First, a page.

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    Well, in this case, it isn't but... let me see.... I may have an easy reference already made.

    • 11 months ago
  12. hunter111
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    right, for this problem the answer is that it isn't a Parrallogram

    • 11 months ago
  13. e.mccormick
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    OK, this was a draft, but it has it in there.

    • 11 months ago
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  14. e.mccormick
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    If you look at the first page, the vectors can add up on either side to meet at the far corner. In this problem of yours, they add one way, but not the other. Well, they don't reach one of the points through addition.

    • 11 months ago
  15. hunter111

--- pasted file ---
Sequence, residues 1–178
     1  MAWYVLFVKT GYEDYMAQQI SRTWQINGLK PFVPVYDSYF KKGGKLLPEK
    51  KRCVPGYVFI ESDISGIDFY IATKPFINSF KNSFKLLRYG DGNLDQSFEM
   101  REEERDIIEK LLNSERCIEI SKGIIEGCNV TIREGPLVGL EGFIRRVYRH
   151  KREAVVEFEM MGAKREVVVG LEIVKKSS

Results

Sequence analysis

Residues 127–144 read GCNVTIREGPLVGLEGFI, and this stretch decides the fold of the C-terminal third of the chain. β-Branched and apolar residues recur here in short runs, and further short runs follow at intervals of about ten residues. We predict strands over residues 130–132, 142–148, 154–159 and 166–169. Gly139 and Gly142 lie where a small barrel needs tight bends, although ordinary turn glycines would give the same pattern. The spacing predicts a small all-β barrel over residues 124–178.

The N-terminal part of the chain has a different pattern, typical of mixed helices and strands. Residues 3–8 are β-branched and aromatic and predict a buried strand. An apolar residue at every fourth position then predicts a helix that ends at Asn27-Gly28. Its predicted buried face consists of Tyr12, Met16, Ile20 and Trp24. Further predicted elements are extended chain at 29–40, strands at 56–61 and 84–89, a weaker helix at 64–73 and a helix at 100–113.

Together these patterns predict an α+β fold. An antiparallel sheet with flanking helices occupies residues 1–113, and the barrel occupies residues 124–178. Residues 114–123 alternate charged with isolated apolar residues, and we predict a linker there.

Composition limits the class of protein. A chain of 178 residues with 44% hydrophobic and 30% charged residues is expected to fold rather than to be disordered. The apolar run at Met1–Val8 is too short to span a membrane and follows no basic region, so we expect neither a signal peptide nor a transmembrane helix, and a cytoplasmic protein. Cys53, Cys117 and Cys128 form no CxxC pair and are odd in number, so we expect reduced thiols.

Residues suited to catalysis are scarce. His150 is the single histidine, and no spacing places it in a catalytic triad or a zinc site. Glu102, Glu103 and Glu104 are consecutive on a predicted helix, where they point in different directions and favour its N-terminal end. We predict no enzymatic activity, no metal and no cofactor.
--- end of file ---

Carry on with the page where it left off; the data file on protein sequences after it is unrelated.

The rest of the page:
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    OOOOO

    • 11 months ago
  16. e.mccormick
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    Yah, I know, most people don't have a rough draft of vector additon sitting around in a PDF. LOL.

    • 11 months ago
  17. hunter111
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    so if we have to vectors and add them they form Parrallogram no matter what. But this problem is asking specifically if the Parrallogram they form has a vertices on the indicated points? essentially

    • 11 months ago
  18. dan815
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    |dw:1367653361531:dw|

    • 11 months ago
  19. e.mccormick
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    YES!

    • 11 months ago
  20. dan815
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    or u can do it thru dot produts and see the angles inbetween match up or not

    • 11 months ago
  21. hunter111
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    Brilliant! Thanks! :) Is there a way for me to save this conversation

    • 11 months ago
  22. e.mccormick
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    /nod /nod Which might be a better test for random points.

    • 11 months ago
  23. hunter111
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    Interesting, i didn't even think of applying the dot product